Political Film Review #353

Vincere (Italian word for “win”) is about Benito Mussolini’s secret wife and child. Mussolini, while an anti-monarchist socialist, was on the wanted list by the Italian royal government. One day, while pursued by the Carabinieri, Mussolini (played by Filippo Tini) is protected by Ida Dalser (played by Giovanna Mezzogiorno), and they carry on an affair. However, Mussolini has a public marriage with another woman, so after his ascension to power, Ida and Benito Junior (played by Fabrizio Costella) are arrested and placed into insane asylums to keep them out of the way. One wonders whether current Italian politics prompted the film, directed by Marco Bellocchio, which portrays their treatment, how they react to their treatment, and ends with credits containing dates of their death. Interspersed within the narrative are documentary clips of the era. The Political Film Society has nominated Vincere as best film exposé of 2010. MH

A second biopic, Creation, directed by Jon Amiel, is about Charles Darwin (played by Paul Bettany) during the time when he had writer’s cramp. Although he had completed all the research required to publish his On the Origin of Species (1859), and he was encouraged if not goaded by Joseph Hooker (played by Benedict Cumberbatch) and Thomas Huxley (played by Tony Jones), he is unable to move his pen to finish the book that was eventually sold out on the day of its publication. The preacher in town, the Reverend Innes (played by Jeremy Northam), discourages him from writing, knowing that acceptance of his ideas made God less responsible for the flora and fauna of the planet. He and his spouse Emma (played by Jennifer Connelly) are estranged, and she sides with Innes. Darwin also exhibits psychosomatisms, notably a trembling hand. Alfred Russell Wallace, who articulated the concept of natural selection in a twenty-page essay during 1858, surprises him but still does not get Darwin off his duff to write. The real reason for his inability to write is psychological, buried in an event that haunts him, awaiting a mental exorcism. Based on the book Annie’s Box (2001) by Randal Keynes, the film is much too slowmoving. MH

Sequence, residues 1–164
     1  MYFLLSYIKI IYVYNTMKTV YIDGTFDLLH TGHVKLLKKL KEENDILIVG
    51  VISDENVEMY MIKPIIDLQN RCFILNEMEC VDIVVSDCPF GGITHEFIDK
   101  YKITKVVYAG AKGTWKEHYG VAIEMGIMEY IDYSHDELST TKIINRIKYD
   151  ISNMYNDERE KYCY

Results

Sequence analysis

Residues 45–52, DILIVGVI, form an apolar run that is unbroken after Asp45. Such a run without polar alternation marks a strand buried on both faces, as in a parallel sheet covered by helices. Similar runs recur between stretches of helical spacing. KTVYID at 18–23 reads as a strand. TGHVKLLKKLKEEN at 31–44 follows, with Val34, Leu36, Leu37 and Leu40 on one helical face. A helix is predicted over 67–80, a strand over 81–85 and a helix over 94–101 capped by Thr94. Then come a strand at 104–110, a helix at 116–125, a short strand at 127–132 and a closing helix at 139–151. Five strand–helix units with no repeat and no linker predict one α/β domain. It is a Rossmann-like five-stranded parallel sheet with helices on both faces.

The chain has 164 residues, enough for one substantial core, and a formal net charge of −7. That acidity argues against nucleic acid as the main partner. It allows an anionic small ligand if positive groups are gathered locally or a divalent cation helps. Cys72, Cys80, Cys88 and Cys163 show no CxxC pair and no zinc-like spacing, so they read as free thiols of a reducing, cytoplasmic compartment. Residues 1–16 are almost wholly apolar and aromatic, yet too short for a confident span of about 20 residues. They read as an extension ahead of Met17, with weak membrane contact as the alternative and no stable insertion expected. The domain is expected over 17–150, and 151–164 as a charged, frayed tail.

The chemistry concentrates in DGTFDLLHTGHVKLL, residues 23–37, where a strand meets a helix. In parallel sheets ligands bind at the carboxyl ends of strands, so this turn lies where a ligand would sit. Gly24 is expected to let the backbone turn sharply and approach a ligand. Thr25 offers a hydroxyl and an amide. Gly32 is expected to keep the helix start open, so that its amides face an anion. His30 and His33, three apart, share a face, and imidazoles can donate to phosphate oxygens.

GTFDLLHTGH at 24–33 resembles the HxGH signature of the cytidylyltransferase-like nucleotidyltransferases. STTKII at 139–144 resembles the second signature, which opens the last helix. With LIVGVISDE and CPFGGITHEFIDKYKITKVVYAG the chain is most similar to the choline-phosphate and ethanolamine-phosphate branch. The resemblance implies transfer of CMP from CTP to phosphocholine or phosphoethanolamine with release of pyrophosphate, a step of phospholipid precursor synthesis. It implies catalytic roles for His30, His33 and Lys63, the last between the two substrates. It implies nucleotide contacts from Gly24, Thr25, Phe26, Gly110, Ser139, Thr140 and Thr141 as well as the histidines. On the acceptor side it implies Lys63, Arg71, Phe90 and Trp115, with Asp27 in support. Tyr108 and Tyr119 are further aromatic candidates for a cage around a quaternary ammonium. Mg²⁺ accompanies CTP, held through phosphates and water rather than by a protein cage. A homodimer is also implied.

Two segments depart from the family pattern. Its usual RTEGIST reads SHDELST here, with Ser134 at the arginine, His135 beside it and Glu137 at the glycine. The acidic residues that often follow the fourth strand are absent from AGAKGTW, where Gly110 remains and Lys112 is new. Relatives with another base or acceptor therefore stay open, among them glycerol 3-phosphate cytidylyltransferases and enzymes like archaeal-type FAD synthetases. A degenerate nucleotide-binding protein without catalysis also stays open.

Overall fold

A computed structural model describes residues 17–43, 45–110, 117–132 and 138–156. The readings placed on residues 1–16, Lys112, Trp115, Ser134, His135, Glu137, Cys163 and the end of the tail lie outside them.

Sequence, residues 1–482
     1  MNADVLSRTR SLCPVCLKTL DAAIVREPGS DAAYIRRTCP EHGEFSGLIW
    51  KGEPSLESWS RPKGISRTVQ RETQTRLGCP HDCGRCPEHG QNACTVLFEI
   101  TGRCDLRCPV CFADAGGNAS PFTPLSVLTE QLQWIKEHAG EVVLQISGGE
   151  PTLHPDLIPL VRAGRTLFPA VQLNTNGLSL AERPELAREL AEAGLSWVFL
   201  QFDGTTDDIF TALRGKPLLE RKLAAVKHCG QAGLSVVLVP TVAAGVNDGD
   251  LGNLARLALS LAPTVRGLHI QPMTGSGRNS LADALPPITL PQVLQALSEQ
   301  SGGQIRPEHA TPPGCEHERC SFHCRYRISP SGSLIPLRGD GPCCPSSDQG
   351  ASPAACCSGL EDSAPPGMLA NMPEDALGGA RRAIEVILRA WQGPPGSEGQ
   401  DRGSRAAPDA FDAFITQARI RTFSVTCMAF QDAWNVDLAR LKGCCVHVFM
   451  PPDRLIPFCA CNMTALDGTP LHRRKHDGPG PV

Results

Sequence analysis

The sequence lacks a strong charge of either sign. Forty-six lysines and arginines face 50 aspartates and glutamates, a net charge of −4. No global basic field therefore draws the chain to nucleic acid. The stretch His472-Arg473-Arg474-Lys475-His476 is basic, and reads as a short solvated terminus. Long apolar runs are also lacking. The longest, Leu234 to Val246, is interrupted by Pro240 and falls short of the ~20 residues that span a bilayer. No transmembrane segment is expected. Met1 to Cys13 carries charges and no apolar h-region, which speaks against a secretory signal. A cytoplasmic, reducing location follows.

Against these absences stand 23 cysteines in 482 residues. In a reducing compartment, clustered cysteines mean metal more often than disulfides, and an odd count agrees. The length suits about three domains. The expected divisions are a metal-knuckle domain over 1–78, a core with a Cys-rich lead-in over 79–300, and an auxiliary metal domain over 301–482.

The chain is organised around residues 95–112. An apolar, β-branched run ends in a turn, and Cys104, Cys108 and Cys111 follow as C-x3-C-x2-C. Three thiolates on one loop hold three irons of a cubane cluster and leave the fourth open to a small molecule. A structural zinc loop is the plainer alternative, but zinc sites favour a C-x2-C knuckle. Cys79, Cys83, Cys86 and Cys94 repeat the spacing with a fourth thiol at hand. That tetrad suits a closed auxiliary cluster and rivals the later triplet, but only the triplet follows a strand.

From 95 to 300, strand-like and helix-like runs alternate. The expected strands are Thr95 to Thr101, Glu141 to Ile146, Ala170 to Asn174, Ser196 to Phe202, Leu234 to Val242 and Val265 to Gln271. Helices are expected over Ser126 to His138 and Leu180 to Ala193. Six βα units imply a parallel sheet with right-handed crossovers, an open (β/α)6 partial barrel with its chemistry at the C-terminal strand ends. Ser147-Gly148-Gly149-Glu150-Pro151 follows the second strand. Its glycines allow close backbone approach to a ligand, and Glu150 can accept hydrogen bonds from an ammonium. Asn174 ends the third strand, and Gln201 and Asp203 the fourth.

According to legend, as explained later in the film, a beautiful woman and a Shinto priest were separately banished after he gave her a hairpin as a sign of his love while both were on the bridge. A replica of the bridge is reproduced in the same town, Kochi, the site of the film, as well as painted on the canvass of Mickey Holder (played by Victor Grant), an African American artist and teacher who died one day in an auto accident in the Harimaya Bridge. Directed by Aaron Willfolk, the film focuses on Mickey’s father, Daniel (played by Bennett Guillory), who flies from San Francisco to Japan after his son’s death for one purpose–to retrieve Mickey’s art legacy. Daniel’s trip is clouded with the memory that his own father died in a Japanese prisoner of war camp. However, Daniel has to learn not only about his son’s life in Japan but about Japanese culture. As for the latter, he finds out a lot: (1) Japanese are very polite and bow to show respect. (2) Japanese keep their homes, offices, and streets spotless. (3) Knocking on a stranger’s door is a police matter. (4) Despite all the bombing in World War II, nature and landscaping blend into perfect harmony. (5) Japanese smile a lot and rarely show negative emotions. (6) They never contradict. (7) They defer to and trust authority and tradition. (8) Japanese treasure gifts. The last point is where the culture clash is most intense. Daniel wants to take all his son’s art work back to San Francisco, even those given as gifts, and he has a list of all those to whom his son gave his paintings. Upon arrival, Daniel is met by members of the Education Office who supervised his position as teacher, and he asks the staff to collect the art for him so that he can speedily return to San Francisco. The staff does not want to comply, of course, so they find a way to defer Daniel’s request without offending him—asking him to make the request personally. Accordingly, Daniel meets his son’s Japanese bride, Noriko Kubo (played Saki Takaoka), and the story of his son’s life in Japan unfolds beautifully with many surprises and more exposure to Japanese culture along the way. MH